Apple Loses (While Winning) The Latest Battle In The Patent War With Samsung
That relatively paltry sum (Apple was seeking billions) seems like a win for Samsung.
The only way Apple's 'win' becomes a true victory is if it can persuade the judge to issue an injunction shutting down sales of Samsung devices, Brian Love, Assistant Professor at University of Santa Clara Law School, told The Wall Street Journal.
But Love said that result was unlikely, given the record.
Re/Code made essentially the same point, using a chart Apple introduced at trial.
Because Samsung has been able to sell iPhone-like handsets despite the patent litigation, Samsung's market share has gone from less than five percent in 2009 to over 30 percent now.
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Underpinning Samsung's win is the tech reality, CNET explained: Google's (NASDAQ: GOOG) (NASDAQ: GOOGL) Android operating system, not Samsung's devices, were the source of most of the alleged infringement.
While Apple won't sue Google, because Google licenses Android for free and thus doesn't profit directly from the alleged infringement, Apple still could have gotten some Google money--Google had agreed cover Samsung's tab if any of four Apple patents had been infringed, RE/Code explained.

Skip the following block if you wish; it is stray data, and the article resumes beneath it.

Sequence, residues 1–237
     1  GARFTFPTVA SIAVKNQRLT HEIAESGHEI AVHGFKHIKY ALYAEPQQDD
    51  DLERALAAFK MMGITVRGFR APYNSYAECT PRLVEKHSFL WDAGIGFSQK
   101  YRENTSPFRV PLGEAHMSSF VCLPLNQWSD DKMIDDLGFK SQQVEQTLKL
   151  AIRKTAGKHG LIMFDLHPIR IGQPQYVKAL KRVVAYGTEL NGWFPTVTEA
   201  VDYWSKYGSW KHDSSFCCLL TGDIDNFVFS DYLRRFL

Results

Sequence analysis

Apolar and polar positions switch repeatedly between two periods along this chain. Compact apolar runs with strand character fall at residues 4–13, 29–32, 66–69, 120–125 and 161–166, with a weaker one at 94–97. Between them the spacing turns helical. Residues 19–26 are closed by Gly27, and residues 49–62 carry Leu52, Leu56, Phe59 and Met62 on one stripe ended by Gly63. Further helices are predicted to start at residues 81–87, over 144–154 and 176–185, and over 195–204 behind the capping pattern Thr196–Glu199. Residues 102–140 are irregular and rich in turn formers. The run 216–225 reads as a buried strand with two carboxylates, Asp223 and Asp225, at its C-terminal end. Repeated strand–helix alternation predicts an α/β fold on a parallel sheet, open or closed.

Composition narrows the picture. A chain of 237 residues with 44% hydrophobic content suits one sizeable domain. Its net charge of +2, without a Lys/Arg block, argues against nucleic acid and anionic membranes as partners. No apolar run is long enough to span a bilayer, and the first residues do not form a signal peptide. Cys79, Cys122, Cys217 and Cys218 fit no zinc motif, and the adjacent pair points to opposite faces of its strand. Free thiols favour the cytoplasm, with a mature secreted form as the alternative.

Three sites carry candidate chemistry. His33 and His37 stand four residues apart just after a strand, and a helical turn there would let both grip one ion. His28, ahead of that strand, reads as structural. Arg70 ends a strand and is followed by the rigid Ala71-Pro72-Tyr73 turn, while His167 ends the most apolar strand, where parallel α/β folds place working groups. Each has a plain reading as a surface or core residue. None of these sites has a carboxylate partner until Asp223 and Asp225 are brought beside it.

However, the judge and jury ruled for Samsung on those four, dismissing some claims and finding no infringement on the others.
Even if those patents had gone the other way, surely agreeing to pick up Samsung's tab was much less risky for Google than having been the direct defendant; Samsung's 'Apple-is-attacking-Android-not-us' defense would not have worked for Google.
In short, Apple's litigation has not had, and is unlikely ever to have, the result it really wants: choking off the competition. And it's been a big distraction for Samsung.
That's why the "true" winner is the competitors.
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